The thought of exercising with others, (even friends), filled me with dread, and if I ever got out of breath I’d try to hide it. I would promote body positivity but found it hard to believe it for myself sometimes. I was worried about encountering weight-bias and stigma if I told anyone how I was really feeling.

I had tried every different type of exercise I could find and afford and was terrified of how I was being perceived. Exercise had become a punishment for failing 'at life' and the lack of enjoyment was my fault.

I was sick of balancing my mental and physical health. When I stopped exercising my mood would lift. Then health worries would creep in, and I’d start again. I’d think, if this is what I must do to stay healthy, then is it worth it? Would I not rather have a shorter, but happier life Thankfully, it was at this point that I started working with Paula.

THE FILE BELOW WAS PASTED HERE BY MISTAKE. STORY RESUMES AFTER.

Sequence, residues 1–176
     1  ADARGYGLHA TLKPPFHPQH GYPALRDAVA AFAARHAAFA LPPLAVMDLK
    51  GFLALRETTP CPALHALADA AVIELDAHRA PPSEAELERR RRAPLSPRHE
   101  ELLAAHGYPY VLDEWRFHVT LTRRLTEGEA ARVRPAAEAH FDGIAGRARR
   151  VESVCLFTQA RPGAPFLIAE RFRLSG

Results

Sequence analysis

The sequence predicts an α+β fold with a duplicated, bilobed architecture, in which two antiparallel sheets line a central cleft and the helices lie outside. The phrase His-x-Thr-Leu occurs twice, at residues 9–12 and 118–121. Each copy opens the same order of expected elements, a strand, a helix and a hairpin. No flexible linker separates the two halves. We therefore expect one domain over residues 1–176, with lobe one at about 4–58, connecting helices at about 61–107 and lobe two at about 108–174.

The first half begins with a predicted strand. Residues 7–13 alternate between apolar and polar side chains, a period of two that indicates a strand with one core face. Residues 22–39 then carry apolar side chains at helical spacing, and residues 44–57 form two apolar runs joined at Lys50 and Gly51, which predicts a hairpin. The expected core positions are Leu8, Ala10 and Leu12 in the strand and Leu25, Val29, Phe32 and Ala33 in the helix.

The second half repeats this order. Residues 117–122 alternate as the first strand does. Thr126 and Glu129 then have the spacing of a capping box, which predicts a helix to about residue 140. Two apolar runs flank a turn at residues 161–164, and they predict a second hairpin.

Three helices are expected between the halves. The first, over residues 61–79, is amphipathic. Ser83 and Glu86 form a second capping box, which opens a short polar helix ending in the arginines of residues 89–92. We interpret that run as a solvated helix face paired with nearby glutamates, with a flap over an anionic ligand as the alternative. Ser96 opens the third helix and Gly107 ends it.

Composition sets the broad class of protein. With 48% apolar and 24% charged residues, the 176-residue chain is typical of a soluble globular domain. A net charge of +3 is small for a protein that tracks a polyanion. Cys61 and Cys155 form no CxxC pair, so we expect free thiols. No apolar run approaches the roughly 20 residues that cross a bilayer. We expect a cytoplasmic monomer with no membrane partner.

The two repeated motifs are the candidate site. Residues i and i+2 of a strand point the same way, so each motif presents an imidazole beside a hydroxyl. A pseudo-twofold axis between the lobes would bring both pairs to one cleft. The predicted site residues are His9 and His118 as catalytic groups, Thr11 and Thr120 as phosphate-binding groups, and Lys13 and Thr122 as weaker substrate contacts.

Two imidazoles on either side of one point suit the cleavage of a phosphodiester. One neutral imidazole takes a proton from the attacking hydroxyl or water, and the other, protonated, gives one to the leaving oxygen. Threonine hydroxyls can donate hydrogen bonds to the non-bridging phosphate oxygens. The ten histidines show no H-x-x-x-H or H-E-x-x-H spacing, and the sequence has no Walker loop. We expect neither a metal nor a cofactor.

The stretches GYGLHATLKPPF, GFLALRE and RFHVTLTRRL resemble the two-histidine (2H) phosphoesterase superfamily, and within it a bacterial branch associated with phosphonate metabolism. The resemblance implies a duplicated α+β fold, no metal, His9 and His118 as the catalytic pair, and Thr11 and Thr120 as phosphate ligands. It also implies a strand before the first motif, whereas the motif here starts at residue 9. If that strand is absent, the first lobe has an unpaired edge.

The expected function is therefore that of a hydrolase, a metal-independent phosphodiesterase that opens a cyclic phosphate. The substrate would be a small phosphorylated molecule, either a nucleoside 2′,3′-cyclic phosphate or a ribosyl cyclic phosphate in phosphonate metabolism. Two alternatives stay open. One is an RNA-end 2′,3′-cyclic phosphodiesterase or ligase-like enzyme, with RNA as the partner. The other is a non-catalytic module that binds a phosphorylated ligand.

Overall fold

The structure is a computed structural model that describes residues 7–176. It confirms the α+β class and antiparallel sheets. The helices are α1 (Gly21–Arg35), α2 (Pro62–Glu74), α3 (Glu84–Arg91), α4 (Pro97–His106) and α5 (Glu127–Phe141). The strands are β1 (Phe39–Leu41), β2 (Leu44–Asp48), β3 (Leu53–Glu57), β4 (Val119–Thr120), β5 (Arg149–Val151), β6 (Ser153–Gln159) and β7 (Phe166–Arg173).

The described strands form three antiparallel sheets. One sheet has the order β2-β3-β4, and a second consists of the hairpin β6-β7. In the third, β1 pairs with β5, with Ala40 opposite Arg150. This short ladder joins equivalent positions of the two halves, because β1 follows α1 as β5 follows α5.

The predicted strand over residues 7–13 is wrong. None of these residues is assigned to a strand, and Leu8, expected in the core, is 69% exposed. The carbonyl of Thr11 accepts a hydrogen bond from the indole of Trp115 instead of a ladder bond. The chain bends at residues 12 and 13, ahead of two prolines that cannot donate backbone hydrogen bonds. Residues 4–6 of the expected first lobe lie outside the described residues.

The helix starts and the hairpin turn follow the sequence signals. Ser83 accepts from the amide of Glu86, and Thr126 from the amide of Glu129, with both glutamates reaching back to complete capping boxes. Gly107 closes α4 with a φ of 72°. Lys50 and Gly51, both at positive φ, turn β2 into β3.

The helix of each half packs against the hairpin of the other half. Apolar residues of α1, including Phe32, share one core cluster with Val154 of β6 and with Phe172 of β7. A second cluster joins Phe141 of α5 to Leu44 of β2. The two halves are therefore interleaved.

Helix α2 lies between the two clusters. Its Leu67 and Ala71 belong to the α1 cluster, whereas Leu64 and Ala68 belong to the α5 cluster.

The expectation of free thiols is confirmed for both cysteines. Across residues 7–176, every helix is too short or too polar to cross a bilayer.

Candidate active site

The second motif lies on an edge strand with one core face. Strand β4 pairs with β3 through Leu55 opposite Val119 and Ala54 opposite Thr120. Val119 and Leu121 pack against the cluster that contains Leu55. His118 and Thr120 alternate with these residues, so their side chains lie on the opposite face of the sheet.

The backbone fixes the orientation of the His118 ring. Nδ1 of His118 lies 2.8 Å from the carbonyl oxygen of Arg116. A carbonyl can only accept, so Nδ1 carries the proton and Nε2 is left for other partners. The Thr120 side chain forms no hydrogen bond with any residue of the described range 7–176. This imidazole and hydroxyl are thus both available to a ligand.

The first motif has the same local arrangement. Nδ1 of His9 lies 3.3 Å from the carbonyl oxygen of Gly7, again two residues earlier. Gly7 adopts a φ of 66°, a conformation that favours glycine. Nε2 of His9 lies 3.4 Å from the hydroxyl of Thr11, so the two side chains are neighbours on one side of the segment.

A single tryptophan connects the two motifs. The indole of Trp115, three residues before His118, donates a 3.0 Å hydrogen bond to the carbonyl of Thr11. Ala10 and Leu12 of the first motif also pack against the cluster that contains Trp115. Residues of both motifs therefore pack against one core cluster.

When I first met Adam, he was stuck in a mental battle. He felt he had to exercise otherwise it would negatively impact his health. Yet he hated exercise and it made him miserable.

“What Adam was experiencing is a common cycle when something (like exercise) provokes negative thoughts.”

What Adam was experiencing is a common cycle when something (like exercise) provokes negative thoughts (like self-blame, hatred of exercise) and difficult emotions (like anger, fear).

These feelings and thoughts then lead us to behave in a way that isn’t helpful, such as avoiding physical activity altogether or – like Adam – approaching exercise with fear, which in turn makes us feel bad and hate exercise even more.